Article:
Chess Engines


Rating Systems



  1. Photo by Gerd Isenberg, September 18, 2016, detail of the Flottmann gate, Art Nouveau theme of Dragon and Sun designed by Carl Weinhold, art director of blacksmith and foundry Füssmann und Fleeth, Essen, exposed at the industrial and trade exhibition 1902 in Düsseldorf, and baught by Heinrich Flottmann as gate for his jackhammer factory, today adjacent to the exhibition and event space Flottmann-Hallen in Herne, North Rhine-Westphalia, Germany, and part of The Industrial Heritage Trail of the Ruhr area, "The dragon is a symbol of physical strength and intelligence with respect to the snake that symbolizes the tough, glowing wrought iron" from Flottmann-Tor – Hün un Perdün, see also Image by Gerd Biedermann
  2. A word for casual testers by Don Dailey, CCC, December 25, 2012
  3. Elo rating system - Mathematical details - Wikipedia
  4. Stockfish Testing Framework
  5. Comparison of top chess players throughout history from Wikipedia
  6. Elo's Book: The Rating of Chess Players by Sam Sloan
  7. Computers choose: who was the strongest player?, ChessBase News, October 30, 2006
  8. Computer analysis of world champions by Søren Riis, ChessBase News, November 02, 2006
  9. Bayesian inference from Wikipedia
  10. How I did it: Diogo Ferreira on 4th place in Elo chess ratings competition | no free hunch
  11. "Intrinsic Chess Ratings" by Regan, Haworth -- seq by Kai Middleton, CCC, November 19, 2017
  12. Re: EloStat, Bayeselo and Ordo by Rémi Coulom, CCC, June 25, 2012
  13. Re: Understanding and Pushing the Limits of the Elo Rating Algorithm by Daniel Shawul, CCC, October 15, 2019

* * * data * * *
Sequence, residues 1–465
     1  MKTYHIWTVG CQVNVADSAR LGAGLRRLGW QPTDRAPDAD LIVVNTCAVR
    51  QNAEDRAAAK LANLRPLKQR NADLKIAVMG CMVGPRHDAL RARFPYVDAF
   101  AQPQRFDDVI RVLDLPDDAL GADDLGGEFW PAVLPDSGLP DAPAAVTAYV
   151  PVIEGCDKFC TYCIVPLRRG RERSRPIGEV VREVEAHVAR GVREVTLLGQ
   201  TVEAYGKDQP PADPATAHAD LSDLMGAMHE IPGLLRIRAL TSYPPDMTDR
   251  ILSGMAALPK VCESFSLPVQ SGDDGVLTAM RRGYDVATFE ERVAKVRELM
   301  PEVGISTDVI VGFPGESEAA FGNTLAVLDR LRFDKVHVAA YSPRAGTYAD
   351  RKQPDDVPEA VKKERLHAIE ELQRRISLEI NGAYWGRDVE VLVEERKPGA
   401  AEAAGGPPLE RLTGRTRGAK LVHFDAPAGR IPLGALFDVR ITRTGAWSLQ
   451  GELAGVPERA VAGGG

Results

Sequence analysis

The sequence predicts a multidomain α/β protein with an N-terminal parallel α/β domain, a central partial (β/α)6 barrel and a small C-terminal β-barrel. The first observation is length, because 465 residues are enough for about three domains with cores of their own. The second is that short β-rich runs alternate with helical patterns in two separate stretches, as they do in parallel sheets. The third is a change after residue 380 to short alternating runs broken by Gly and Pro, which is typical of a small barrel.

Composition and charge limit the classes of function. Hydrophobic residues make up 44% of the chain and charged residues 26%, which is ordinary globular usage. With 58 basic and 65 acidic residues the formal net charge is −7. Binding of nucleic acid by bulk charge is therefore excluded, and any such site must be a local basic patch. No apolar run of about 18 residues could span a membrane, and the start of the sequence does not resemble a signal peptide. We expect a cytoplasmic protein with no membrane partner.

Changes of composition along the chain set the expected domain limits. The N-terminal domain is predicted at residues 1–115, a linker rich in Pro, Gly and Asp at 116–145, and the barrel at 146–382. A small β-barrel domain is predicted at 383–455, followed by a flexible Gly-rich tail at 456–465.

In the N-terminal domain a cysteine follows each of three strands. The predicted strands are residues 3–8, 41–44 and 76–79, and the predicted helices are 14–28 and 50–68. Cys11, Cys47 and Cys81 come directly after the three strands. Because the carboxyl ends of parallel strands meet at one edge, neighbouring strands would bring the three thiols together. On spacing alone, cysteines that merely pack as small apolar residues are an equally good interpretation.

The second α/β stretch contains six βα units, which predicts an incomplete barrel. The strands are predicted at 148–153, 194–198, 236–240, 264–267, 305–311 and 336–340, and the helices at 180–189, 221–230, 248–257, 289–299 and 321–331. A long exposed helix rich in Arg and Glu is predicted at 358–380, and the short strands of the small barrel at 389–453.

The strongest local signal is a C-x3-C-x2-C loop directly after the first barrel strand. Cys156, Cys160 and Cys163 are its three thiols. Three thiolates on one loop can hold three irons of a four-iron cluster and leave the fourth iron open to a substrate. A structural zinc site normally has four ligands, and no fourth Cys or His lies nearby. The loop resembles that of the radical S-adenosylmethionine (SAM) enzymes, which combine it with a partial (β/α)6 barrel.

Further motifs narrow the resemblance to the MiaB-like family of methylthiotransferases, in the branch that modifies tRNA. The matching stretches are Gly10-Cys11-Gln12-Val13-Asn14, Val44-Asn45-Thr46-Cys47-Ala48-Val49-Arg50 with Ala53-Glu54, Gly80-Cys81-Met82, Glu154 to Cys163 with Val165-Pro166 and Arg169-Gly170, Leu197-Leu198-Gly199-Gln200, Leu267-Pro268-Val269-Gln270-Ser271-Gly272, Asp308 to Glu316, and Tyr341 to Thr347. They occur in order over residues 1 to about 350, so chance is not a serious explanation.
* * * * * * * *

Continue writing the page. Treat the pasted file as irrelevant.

14. Ply versus ELO by Greg, HIARCS Forum, May 30, 2020 » Diogo R. Ferreira - Impact of the Search Depth ...
  15. Questions regarding rating systems of humans and engines by Erik Varend, CCC, December 06, 2014
  16. chess statistics scientific article by Nuno Sousa, CCC, July 06, 2016
  17. Personal bests – and why you stop after achieving them: U of T Scarborough expert | University of Toronto Scarborough - News and Events by Nina Haikara, February 7, 2018
  18. Understanding and Pushing the Limits of the Elo Rating Algorithm by Michel Van den Bergh, CCC, October 15, 2019
  19. Delphil 3.3b2 (2334) - Stockfish 030916 (3228), TCEC Season 9 - Rapid, Round 11, September 16, 2016
  20. Normalized Elo (pdf) by Michel Van den Bergh
  21. Chessanalysis homepage by Erik Varend
  22. wall - Wiktionary
  23. regression - Wiktionary
  24. Most accurate K-factor - Elo rating system from Wikipedia
  25. FIDE Chess Rating calculators: Chess Rating change calculator
  26. The primary data source is the SSDF, Deep Blue Elo Performance: estimated by perf. against Kasparov, AlphaZero Elo Performance: estimated by perf. against Stockfish, Leela Chess Zero Elo Performance from LCZ rating list (CCRL estimate)
  27. Matej Guid, Ivan Bratko (2006). Computer Analysis of World Chess Champions. ICGA Journal, Vol. 29, No. 2, pdf
  28. an interesting study from Erik Varend by scandien, Hiarcs Forum, August 13, 2017